Yom Kippur is, in essence, a day of atonement, of forgiveness for sins and transgressions, and as such it is mainly an act from Above which may not have anything to do with man’s Teshuva. Although according to most of our Sages, one must do Teshuva in order for Yom Kippur to atone, still, it is God who once a year atones and who purifies the Jewish people from its sins. The viduy (confession) and the al het (alphabetical confession) we recite both between and within the Yom Kippur prayers, in which we enumerate all the different kinds and levels of sins, transgressions and crimes, are mainly a request on our part that God forgive us, atone for all our sins and wash them away – so much so that we will not keep even those sins that we may have liked to hold on to for another year.
All this is true for all of the Yom Kippur prayers; but Kol Nidrei, recited with much pathos and ceremoniousness at the beginning of this holy day, is different, because it does not have to do with sins or transgressions. Although according to some opinions Kol Nidrei is the annulment of various vows we had made and perhaps did not carry out – which, in itself, is a sin – the very detailed text of this prayer and its repetition three times seem to point in another direction. All the different kinds of vows, oaths and prohibitions do not necessarily have to do with the commandments that we are obligated to fulfill. They are also not, in and of themselves, transgressions; rather, they are various things we have taken upon ourselves and that we now feel that we can give up, along with all the other things that the Almighty removes from us on Yom Kippur.
True, halakhically speaking there are vows that are specific, clear and unequivocal; however, most of the vows, oaths and prohibitions that people take upon themselves are a long, almost interminable series of human decisions with which people shackle themselves throughout the year. Some of them are interpersonal shackles, while others are ropes with which people bind themselves – e.g., commitments to do or refrain from doing certain things, avoiding certain persons or doing whatever they can in order to connect with them.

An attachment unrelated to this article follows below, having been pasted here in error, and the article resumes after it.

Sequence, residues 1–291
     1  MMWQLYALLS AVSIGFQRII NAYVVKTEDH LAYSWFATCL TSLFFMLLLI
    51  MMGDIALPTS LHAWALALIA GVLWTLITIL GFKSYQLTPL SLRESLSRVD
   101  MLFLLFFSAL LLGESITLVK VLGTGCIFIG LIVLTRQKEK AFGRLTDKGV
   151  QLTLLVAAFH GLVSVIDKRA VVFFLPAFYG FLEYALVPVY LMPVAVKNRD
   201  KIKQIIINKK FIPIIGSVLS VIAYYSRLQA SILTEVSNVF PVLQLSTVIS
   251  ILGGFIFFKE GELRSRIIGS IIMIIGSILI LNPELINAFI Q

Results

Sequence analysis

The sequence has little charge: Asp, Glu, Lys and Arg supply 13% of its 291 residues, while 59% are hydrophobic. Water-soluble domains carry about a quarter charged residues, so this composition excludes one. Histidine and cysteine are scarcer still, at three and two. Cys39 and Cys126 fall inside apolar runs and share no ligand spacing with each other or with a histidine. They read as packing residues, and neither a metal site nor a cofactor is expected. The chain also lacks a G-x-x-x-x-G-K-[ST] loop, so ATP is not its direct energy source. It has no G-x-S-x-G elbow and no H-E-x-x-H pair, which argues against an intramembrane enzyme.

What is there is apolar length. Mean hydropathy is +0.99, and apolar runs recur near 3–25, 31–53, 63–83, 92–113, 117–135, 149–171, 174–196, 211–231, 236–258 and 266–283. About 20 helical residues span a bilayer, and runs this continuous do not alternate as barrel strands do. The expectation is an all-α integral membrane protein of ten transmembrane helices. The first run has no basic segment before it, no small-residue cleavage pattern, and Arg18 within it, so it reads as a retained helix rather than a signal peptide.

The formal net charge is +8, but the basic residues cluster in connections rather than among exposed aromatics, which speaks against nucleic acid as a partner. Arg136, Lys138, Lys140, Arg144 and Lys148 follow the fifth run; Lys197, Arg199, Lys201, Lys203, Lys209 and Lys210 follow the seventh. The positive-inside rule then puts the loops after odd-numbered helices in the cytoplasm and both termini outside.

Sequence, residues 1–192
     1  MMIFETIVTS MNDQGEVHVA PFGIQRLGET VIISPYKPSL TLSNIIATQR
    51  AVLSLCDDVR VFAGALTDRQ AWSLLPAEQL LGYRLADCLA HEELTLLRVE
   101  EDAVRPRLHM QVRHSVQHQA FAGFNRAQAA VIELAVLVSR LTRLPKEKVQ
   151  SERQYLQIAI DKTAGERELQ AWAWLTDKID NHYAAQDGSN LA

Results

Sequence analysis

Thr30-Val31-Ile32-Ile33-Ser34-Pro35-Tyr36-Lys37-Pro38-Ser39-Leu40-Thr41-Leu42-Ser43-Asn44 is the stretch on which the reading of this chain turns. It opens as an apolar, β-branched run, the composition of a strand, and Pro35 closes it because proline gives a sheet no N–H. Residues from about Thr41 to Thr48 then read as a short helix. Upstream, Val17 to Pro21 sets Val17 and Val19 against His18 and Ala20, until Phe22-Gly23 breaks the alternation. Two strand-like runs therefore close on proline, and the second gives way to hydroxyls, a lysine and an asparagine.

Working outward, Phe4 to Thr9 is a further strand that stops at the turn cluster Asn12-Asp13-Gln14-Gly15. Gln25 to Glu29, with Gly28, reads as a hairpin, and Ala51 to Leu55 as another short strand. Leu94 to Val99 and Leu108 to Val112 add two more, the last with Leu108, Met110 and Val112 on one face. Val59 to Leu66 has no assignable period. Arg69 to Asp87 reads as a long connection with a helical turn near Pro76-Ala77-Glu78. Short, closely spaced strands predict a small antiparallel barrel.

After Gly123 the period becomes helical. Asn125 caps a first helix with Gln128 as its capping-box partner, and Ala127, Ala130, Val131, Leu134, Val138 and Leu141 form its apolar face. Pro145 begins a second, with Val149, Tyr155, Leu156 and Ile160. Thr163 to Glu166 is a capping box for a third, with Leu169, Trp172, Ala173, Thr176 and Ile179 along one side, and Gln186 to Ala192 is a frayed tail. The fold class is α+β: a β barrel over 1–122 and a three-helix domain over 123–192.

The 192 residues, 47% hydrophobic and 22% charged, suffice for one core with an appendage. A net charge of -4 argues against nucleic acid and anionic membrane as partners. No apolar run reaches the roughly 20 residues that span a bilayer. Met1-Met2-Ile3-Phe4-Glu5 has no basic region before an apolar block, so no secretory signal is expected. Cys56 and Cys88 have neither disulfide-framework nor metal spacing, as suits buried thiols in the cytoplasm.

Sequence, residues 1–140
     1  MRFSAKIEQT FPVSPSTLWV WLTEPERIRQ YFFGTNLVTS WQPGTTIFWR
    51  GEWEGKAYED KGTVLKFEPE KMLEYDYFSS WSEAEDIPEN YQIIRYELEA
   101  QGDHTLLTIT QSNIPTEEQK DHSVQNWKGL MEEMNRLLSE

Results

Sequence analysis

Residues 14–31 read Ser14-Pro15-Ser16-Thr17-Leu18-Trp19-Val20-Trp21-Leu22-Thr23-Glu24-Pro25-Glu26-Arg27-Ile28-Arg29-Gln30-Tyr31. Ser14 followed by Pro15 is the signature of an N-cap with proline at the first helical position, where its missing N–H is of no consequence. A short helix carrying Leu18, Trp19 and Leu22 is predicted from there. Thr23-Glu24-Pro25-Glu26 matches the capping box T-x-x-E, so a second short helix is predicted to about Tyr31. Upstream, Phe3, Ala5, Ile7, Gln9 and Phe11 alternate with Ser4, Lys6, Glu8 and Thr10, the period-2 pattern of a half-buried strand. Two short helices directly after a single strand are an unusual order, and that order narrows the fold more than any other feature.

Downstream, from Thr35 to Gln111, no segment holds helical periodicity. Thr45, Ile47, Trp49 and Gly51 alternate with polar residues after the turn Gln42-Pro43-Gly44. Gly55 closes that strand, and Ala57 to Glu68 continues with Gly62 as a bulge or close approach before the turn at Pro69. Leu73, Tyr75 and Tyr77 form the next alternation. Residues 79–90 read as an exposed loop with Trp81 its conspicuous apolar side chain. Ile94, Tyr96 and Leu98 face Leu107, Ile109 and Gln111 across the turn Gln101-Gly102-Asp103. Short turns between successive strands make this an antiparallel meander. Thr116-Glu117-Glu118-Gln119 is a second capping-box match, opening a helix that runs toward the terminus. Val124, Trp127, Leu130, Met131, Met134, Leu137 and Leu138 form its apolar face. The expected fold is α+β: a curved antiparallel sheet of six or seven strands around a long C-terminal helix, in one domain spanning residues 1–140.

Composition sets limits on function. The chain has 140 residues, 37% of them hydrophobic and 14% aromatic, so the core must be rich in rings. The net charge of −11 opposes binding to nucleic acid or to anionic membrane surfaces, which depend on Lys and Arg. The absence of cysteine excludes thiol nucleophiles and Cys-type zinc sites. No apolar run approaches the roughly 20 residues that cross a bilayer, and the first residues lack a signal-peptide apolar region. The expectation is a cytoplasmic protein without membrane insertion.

In other words, it is a list – albeit only implicit – of things that comprise our ordinary day-do-day conduct: coincidental or temporary, decisions made because of an instant of passion or desire, statements that result from anger or annoyance with others or with ourselves – although they may not suit any formal definition of “vows.” It is how we live, what we do and what we want to do with ourselves and with those around us, what we buy for ourselves or for others, etc. Every one of us has a list of such things that he has taken upon himself, thereby creating, day by day, self-imprisonment. So many of these may be things that we do not particularly desire, or not want at all, but we are already in the habit of doing these self-imprisoning acts.
Before the beginning of Yom Kippur, before we start to deal with the more grievous sins, transgressions and crimes we have committed, and also with whatever we were supposed to do and failed to do, comes Kol Nidrei and brings to the fore all that is neither commandment nor transgression, but rather the building blocks of the overall structure of our life, all those things that bind us because we have, in a certain sense, taken them upon ourselves as if they were vows, and which do not enable us to set ourselves free and do whatever we really have to do.